As hillwalking gains in popularity the paths that we take for granted are becoming increasingly eroded, creating unsightly scars and damaging fragile habitats. In the absence of Government investment, who'll pay to fix the problem? Dan Bailey joins Stuart Younie of Mountaineering Scotland on An Teallach, to see just how bad things can get, and to explore a possible solution.
Out in the hills, when are you most likely to think about the ground underfoot? A well-made trail can make things so easy that you might barely notice you're on it, or appreciate the landscaping effort that someone put in for your benefit. But find yourself at an eroded washout or a trampled bog-fest, and you'll definitely know about it. Assuming you're using one, paths - sound or crumbling, maintained or unmanaged - are a major feature of most walking days, the fundamental infrastructure of the hills. But do we tend to take them, and their upkeep, for granted?
Stuart Younie, CEO of Mountaineering Scotland, thinks so.
"Mountain paths may not be an eye-catching subject, but they are essential to many people's enjoyment of the hills" he tells me "and the quality of what you're walking on is integral to the experience. Yet we don't often talk about them."
Though they facilitate our access into the landscape, and help people, literally, stay on track, many trails were never planned or built, but have simply worn in organically over decades of use. And as the number of walkers increases and the elements take an ongoing toll, erosion has become not just an unsightly mess on scores of these hill paths, and an inconvenience to path users, but an issue affecting delicate upland habitats.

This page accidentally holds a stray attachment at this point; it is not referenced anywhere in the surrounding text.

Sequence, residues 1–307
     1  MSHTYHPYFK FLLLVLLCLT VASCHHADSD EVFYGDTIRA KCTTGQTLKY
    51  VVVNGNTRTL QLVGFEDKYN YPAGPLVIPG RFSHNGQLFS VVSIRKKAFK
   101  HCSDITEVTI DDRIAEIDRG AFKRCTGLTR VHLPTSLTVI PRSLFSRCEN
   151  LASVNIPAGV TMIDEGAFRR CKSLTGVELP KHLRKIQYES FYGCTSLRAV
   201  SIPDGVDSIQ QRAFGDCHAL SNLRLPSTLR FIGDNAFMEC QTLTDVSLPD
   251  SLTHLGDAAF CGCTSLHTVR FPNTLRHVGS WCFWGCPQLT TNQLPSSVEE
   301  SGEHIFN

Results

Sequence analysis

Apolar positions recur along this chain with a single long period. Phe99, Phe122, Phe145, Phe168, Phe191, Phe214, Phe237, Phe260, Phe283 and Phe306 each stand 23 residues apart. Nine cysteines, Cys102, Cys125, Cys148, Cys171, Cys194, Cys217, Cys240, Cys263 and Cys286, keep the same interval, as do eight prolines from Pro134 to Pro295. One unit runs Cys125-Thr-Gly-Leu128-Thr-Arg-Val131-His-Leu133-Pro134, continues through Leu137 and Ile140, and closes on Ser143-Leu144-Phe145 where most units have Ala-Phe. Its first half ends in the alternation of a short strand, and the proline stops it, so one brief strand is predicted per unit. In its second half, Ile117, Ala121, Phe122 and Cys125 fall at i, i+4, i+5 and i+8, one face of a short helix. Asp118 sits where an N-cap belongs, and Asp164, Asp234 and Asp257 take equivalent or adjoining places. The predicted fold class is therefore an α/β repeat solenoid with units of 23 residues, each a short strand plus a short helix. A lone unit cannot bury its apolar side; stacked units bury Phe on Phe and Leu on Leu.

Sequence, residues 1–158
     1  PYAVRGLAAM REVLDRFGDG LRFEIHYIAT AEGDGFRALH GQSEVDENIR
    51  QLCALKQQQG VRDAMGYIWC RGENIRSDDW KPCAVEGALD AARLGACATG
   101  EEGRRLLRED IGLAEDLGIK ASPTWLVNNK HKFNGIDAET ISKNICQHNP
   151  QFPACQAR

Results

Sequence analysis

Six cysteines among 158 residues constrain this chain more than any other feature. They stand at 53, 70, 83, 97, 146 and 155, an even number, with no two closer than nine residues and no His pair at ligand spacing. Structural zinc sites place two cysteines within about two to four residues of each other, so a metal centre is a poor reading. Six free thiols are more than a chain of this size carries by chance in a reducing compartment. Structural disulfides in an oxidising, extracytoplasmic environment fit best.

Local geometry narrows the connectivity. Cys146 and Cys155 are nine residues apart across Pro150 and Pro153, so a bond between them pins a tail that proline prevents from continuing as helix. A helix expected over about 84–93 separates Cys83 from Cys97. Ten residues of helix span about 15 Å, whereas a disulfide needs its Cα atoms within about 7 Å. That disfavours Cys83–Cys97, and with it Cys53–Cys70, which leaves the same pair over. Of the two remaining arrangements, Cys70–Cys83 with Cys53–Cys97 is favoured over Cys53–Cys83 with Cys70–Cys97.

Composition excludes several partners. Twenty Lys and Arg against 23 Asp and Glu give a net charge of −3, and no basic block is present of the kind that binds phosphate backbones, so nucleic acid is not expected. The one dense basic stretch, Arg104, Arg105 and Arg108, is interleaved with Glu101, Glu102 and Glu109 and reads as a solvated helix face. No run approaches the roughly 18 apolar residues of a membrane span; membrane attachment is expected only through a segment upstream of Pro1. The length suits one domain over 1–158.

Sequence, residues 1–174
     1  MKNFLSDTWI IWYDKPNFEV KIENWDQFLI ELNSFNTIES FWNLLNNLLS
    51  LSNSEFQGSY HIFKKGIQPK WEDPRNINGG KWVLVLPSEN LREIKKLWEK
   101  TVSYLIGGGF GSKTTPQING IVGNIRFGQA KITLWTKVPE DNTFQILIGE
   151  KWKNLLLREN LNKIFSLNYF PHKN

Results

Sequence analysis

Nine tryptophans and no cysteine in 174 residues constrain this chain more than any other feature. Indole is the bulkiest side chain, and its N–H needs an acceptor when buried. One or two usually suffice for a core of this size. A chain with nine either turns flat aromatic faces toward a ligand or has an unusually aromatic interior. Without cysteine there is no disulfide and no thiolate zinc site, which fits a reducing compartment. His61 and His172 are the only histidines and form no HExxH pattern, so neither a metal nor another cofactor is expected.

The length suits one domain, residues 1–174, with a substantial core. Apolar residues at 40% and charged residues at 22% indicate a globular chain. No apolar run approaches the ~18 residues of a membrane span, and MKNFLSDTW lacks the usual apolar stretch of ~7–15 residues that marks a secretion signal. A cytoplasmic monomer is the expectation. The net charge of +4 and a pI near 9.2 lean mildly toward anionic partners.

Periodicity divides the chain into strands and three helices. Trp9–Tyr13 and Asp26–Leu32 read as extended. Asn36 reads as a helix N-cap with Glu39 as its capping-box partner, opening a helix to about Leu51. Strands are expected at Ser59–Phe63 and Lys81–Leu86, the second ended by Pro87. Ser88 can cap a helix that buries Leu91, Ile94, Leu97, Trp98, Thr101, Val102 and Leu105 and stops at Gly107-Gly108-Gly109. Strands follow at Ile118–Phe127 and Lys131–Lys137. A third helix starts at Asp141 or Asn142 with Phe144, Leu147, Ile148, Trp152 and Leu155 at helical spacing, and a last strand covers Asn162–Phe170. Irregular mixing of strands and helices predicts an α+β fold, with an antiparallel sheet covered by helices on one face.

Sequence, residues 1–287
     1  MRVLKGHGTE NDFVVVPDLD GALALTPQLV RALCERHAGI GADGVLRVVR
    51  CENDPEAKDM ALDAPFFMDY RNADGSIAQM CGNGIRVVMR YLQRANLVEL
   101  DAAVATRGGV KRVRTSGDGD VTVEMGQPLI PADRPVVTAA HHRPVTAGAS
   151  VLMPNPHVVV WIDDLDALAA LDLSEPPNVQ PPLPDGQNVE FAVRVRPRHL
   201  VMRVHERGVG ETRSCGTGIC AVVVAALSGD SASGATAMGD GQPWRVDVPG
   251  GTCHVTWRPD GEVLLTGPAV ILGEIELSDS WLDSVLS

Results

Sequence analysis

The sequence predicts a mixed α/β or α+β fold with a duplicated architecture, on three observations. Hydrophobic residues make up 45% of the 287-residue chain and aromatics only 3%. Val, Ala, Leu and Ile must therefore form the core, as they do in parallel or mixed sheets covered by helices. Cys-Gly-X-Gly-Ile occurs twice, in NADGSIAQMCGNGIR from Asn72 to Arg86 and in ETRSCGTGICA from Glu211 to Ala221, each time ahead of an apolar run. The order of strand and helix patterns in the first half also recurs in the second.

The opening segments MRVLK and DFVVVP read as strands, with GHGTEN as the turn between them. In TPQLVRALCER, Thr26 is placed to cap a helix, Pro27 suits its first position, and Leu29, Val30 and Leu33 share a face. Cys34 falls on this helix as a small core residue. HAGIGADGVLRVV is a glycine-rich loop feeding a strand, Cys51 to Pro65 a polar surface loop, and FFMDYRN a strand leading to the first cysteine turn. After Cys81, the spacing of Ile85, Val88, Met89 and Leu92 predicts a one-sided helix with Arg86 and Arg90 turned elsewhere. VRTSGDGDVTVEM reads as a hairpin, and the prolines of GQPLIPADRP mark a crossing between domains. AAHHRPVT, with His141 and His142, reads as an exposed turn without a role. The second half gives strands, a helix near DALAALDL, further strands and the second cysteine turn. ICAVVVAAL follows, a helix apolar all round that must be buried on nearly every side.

Erosion becomes normalised. We accept the poor state of the path and think that's just how it is. But of course it doesn't have to be
In Scotland, the situation is muddied, says Stuart, by the lack of an overall national mechanism for funding trail upkeep. In the bulk of the countryside that falls outside the two National Parks, estates run by conservation organisations or the rare enlightened private owner, arrangements for maintaining paths and paying for that work range from ad hoc to non-existent.
On a warm midweek day we've met up at Dundonnell to examine at first hand the problem of trail erosion on An Teallach. This formidable Wester Ross mountain - many would say the UK's greatest - is both a glaring example of path erosion at some of its worst, and a potential model for how things might be better managed in future, as the first target for It's Up to Us, a fundraising campaign run by Mountaineering Scotland and the Outdoor Access Trust for Scotland. While the initial effort is directed at An Teallach, the hope is that progress made here may point to a longer term answer to path erosion elsewhere.
Stuart is keen to show me how bad things can get on the well-trodden route up the northwest side of the An Teallach massif from Dundonnell. If I've been this way before then it's too long ago to remember; but as the easiest and most direct access to the two Munros, it inevitably suffers from heavy wear and tear. If you didn't want to tackle the exciting scramble around the Corrag Bhuidhe pinnacles, this is the way you'd probably come instead. That adds up to a lot of feet, trampling grass and the soft peaty soil.